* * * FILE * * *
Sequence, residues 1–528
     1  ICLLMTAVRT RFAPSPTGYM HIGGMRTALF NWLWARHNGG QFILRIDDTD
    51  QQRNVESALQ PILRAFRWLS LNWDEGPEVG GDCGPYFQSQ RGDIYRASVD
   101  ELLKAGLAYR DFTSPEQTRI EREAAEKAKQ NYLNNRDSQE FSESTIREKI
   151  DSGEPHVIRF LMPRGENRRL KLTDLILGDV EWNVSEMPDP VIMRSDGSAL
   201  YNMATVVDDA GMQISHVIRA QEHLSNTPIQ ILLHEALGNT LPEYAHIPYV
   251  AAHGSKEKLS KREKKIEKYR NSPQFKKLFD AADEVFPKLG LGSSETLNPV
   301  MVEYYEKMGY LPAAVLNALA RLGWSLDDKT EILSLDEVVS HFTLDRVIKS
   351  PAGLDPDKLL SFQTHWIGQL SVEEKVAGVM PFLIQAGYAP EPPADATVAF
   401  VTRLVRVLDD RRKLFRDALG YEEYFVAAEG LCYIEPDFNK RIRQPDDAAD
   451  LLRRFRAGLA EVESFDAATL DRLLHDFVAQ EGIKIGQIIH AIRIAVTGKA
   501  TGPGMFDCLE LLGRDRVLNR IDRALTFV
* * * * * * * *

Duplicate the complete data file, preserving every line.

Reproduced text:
Sequence, residues 1–528
     1  ICLLMTAVRT RFAPSPTGYM HIGGMRTALF NWLWARHNGG QFILRIDDTD
    51  QQRNVESALQ PILRAFRWLS LNWDEGPEVG GDCGPYFQSQ RGDIYRASVD
   101  ELLKAGLAYR DFTSPEQTRI EREAAEKAKQ NYLNNRDSQE FSESTIREKI
   151  DSGEPHVIRF LMPRGENRRL KLTDLILGDV EWNVSEMPDP VIMRSDGSAL
   201  YNMATVVDDA GMQISHVIRA QEHLSNTPIQ ILLHEALGNT LPEYAHIPYV
   251  AAHGSKEKLS KREKKIEKYR NSPQFKKLFD AADEVFPKLG LGSSETLNPV
   301  MVEYYEKMGY LPAAVLNALA RLGWSLDDKT EILSLDEVVS HFTLDRVIKS
   351  PAGLDPDKLL SFQTHWIGQL SVEEKVAGVM PFLIQAGYAP EPPADATVAF
   401  VTRLVRVLDD RRKLFRDALG YEEYFVAAEG LCYIEPDFNK RIRQPDDAAD
   451  LLRRFRAGLA EVESFDAATL DRLLHDFVAQ EGIKIGQIIH AIRIAVTGKA
   501  TGPGMFDCLE LLGRDRVLNR IDRALTFV